What is a Basket and Indemnity Cap?
Whenever a purchase agreement is made, the seller makes certain representations and warranties attesting that certain things are true. For example, these include that there are no lawsuits pending or that the owner is the true lawful owner of the assets in question and has full authority to effect a sale.
Both the purchaser and the seller can be protected through indemnification of caps and baskets which essentially limits the liability of the seller post-closing if any of the representations and warranties turn out to be untrue and dictates the amount that the purchaser can recover from the seller in the event that it incurs losses. As well, general indemnities which are exchanged on the purchase of a business provide each purchaser and seller side with comfort. The seller indemnifies the purchaser to the extent of any liability that arises before the closing date, and the purchaser indemnifies the seller to the extent of any liability that arises after the closing date.
What happens if liability does occur and the indemnity must be actioned?
The general rule of thumbs in basket and indemnity caps is that neither the seller nor the purchaser should pay more than he is gaining in the transaction.
Let’s turn to each contractual provision in turn:
The indemnification cap refers to the financial limit or cap to which typically the seller is liable against any breach of reps or warranties. Fundamental reps and warranties, such as a representation that the seller is the owner of the shares or assets being sold—are fundamental to the successful transaction. The purchaser must be provided with some insurance that these representations are true. If it comes to light post-sale that a representation was false, thereby incurring loss, the purchaser can recover his loss up to a certain limit. This limit is often valued at 50% of the enterprise value of the purchase although the amount can vary greatly depending on the size of the transaction. Smaller transactions usually realize larger percentage caps.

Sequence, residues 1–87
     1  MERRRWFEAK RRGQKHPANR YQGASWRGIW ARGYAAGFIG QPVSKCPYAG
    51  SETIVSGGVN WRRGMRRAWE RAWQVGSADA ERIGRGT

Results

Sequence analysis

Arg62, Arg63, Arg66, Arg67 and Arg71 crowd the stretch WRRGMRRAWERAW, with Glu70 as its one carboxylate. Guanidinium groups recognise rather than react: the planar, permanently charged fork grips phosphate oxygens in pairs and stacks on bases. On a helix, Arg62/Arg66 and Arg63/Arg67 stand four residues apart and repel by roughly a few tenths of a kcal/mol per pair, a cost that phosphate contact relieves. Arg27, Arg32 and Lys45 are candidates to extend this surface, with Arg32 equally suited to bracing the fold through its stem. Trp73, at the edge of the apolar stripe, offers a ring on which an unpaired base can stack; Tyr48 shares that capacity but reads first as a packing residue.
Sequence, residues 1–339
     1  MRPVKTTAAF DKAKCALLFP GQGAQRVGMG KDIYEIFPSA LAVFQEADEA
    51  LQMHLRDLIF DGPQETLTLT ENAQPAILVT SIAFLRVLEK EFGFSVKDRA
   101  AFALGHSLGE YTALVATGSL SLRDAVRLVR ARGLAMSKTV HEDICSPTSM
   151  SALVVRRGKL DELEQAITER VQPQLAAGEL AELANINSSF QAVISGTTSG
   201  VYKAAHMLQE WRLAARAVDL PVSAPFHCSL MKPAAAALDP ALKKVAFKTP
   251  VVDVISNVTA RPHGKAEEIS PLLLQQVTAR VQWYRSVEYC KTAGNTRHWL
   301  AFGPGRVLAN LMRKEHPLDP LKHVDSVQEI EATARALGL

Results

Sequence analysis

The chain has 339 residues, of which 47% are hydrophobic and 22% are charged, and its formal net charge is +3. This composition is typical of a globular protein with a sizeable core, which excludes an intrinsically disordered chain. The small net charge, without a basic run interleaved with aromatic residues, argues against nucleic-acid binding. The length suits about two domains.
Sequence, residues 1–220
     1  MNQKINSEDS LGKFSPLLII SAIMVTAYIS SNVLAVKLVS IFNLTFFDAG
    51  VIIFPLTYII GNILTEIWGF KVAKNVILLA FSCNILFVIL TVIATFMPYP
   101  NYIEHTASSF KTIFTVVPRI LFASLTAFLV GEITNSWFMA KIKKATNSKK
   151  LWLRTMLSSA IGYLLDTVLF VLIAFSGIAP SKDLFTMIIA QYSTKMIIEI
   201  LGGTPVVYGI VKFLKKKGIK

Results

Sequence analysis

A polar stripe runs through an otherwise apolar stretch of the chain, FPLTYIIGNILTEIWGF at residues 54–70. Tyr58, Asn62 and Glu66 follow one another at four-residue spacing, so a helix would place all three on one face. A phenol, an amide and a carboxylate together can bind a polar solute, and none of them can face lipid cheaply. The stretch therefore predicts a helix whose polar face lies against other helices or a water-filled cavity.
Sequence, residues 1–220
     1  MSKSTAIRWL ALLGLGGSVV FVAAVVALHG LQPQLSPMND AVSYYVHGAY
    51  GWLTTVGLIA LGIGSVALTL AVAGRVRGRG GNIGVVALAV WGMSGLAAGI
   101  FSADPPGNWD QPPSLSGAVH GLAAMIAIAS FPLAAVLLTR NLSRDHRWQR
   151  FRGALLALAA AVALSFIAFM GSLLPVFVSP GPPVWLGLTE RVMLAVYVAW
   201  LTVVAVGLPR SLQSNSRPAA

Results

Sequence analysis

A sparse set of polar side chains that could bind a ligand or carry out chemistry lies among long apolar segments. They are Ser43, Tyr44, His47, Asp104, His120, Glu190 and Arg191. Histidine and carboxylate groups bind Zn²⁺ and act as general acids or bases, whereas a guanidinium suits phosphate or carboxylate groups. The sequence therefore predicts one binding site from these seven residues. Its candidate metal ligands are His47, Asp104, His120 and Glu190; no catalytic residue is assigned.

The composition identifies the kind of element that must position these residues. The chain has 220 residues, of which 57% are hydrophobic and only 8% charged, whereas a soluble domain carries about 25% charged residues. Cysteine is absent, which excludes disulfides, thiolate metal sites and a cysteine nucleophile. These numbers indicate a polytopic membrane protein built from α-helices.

The idea is that the seller should not enter into a sale arrangement where it has unlimited and unfettered liability – and where it potentially has the ability to be liable for more than the entire purchase price. Such a transaction is not in the interests of the seller, as the seller may stand to lose more than it stands to gain.
An indemnity cap will limit the amount of liability a seller has under the terms of the agreement. The cap is typically 50% however can be as high as 100%. The very idea of the cap is that the seller should not be liable for more than the purchase price, being the amount of money landing in their pockets as a result of the transaction.
When negotiating an indemnity cap, obviously a seller would like to negotiate the least amount possible while the purchaser would like to negotiate the largest cap possible.
An indemnification basket refers to the size of the damage incurred before a seller become liable to reimburse the purchaser for any losses. There are two types of “baskets”: true deductibles and threshold/tipping baskets. In other words, if the purchaser were to suffer a loss of $500, is this sufficient to action the indemnity? When an indemnity is actioned, lawyers become involved and legal fees will likely well exceed the $500 claim. For this reason, a basket is introduced to ensure that only significant claims will tip the basket.